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Howling Bells and many more

Howling Bells - Into The Sky (Cooking Vinyl)







Australia's foremost dreamers of dark dreams return with a new single, taken from their album The Loudest Engine.


The single, as expected, showcases the more radio-friendly side of the band, less the shimmery electro-pop wooziness that stamps their sound.


Over a driving bassline and muffled guitars, lead singer Juanita Stein comes in with her polite Siouxsie-Sioux-on-Prozac vocals, her light and airy style working well with the more impressive lift of the chorus.


A little too much shimmeriness in the guitars makes the vocals hard to decipher, though I get the feeling the words aren't as crucial.


A mix of Cocteau Twins otherness with mainstream indie freshness is the order of the day. Stein's elevation to sexy sexpot has no doubt helped push the band further mainstream. If that sounds cynical, then imagine SuBo in tights, headbands and see-thru shirts. Wood yet?


This isn't a showstopper of a song so we'll have to wait before the Bells set the world on fire with their dark, woozy, but essentially pretty and cutesy music.





Dels feat. Roots Manuva & Joe Goddard - ‘Capsize' (Big Dada)







Occasionally you hear things in polite society that are so wrong-headed, you lack the wherewithal to respond.


Music is no different; ‘It's all been done already', ‘There's no good music at the moment' and ‘No one writes political music anymore' being just three that can provoke a person to bring their handbag to their face, in order to use it as a nosebag for snorting into. But it is the last of these that ‘Capsize' hits, effortlessly, out the park, what with it being about NOW and VER TORIES and CUTS, and how it might be quite a good idea for ‘us' to ‘stick together' if we want anything to change.


The brilliant thing is that a) it's political in a non-Levellers way, and that b) it's still a brilliant pop song; a floor magnet and yes, a banger. 'Capsize' rattles with percussive ideas and judders with what sound like the very cranks and cogs of The Machine - shifting and re-writing those little snippets of legalese that only start to matter to you personally when you try to return a library book, only to find it entirely staffed by W.I. ladies; jam on everything. Or find your examinations have been sponsored by Amstrad. Still, free calculators! If you save enough democracy tokens! (They're not for you, peasants.)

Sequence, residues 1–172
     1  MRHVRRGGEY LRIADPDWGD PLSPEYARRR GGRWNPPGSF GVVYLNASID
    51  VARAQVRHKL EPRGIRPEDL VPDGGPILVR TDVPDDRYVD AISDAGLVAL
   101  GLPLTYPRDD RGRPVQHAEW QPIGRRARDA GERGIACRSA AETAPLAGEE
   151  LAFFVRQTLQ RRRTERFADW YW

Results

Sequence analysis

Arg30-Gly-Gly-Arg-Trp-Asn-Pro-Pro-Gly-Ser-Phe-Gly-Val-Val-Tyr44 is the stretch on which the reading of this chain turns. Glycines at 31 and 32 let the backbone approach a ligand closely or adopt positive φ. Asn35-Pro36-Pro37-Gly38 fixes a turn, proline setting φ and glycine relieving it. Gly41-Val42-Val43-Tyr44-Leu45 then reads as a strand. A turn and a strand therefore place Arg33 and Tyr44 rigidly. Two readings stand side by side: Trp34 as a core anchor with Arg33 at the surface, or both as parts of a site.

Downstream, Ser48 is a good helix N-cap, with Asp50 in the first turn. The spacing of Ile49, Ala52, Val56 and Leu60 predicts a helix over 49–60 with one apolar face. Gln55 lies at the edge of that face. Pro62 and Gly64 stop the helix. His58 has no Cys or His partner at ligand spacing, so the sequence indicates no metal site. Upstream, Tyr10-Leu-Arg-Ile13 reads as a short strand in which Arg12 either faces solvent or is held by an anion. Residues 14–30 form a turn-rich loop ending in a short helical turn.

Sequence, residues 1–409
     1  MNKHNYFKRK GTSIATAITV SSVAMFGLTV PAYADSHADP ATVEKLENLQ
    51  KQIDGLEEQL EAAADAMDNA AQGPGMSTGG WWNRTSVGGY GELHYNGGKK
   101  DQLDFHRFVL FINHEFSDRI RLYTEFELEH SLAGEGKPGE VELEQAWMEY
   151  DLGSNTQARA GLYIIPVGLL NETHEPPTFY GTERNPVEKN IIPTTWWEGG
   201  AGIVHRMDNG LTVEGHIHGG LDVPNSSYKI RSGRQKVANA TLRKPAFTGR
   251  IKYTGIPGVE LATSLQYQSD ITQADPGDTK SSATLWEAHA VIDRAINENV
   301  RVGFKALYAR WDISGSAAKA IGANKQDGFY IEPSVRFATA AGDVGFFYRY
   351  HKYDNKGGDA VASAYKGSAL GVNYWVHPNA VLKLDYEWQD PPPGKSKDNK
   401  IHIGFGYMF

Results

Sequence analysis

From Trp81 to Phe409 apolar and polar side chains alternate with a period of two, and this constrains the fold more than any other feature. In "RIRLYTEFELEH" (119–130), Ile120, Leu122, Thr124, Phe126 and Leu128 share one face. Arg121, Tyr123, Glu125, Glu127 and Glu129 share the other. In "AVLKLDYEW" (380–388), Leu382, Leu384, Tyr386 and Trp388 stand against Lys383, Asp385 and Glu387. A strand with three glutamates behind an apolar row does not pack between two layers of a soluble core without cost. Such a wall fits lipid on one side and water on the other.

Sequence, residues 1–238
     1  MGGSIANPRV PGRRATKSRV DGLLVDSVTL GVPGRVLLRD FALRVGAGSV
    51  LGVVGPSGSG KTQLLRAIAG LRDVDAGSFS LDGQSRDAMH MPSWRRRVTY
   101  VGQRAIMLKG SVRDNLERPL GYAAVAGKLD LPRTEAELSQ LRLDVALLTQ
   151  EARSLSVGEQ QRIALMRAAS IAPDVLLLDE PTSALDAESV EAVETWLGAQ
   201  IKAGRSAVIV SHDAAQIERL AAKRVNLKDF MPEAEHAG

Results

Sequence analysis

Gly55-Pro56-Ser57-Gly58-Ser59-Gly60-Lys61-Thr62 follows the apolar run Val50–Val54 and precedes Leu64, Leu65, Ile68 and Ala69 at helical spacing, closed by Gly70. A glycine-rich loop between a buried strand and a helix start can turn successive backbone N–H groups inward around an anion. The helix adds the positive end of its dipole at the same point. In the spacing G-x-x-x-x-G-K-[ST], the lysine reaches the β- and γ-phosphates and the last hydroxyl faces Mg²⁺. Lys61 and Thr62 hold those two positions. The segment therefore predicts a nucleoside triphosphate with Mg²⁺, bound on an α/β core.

Liz Green - ‘Displacement Song' (PIAS)








‘Female singer-songwriter' is one of those phrases which was not worn by repetition, what with it meaning precisely nothing in the first place.


That doesn't stop it falling from the mouths of the sort of knuckleheads who collect Wimminz Music as if it were a genre all its own; or as if a piece of music's innate worth were tied to how earnestly its tits had been tweaked.


Being not quite sure what any of this has to do with Liz Green - except to say that she would be damned by any of the above epithets, and doubtless has better things to do than shoehorn masturbatory metaphors into single reviews - let us hone in on that voice, Green being possessed of a sound that jaunts along with more character than a thousand Mexican soap operas; knowing, calm and foggy. ‘Displacement Song' has a plotzed brass section that has been at the optics all evening and reads like a warning speech before the baddies burst in.


So when she asks you not to ‘look to me to carry your weight, for they're on their way' you know the speakeasy doors aren't long for smashing. Just as easily as you can imagine her rolling her eyes when the wood splinters.





Big Deal - ‘Chair' (Mute)







I don't like how ‘Chair' starts, it has one of those needlessly breathy, solemn intros that rarely convince, like deliberately ripped denims.


I start to like it a lot more when they break out the fuzz, giving the plaintive whining something to jut up against, putting it into sharp relief.


This is a slight but amiable single about someone who is only going out with Big Chair so that they write songs about them. We've all done it.





Bearsuit - ‘Princess, You're A Test' (Fortuna POP!)







Bearsuit are from Norwich. And because I now live there it is incumbent upon on absolutely everyone I encounter outside the county - no matter how flimsy their knowledge of indie - to go ‘Norwich? Bearsuit!' as if it might be Narfuck Law to like them.


As I am allergic to scenes given that the enrolment in same inevitably requires one to encounter scenesters; and given that any scene based solely on geographical location is nebulous at best, let it be known that a) I don't want to know where any band comes from and b) I don't normally enjoy yelpy art-indie of the sort Bearsuit deal in and c) I like ‘Princess, You're A Test', quite a very lot.


I found myself singing the ‘testtesttesttest' of the chorus about the house quite unprompted, I like its bass rumbles, I like how every instrument is not so much being played, as bashed with spanners.


It is almost as if I had eaten too much Colemans. Which you should know (massive contradictory witch that I am) is easily the best mustard, and effing delicious on everything.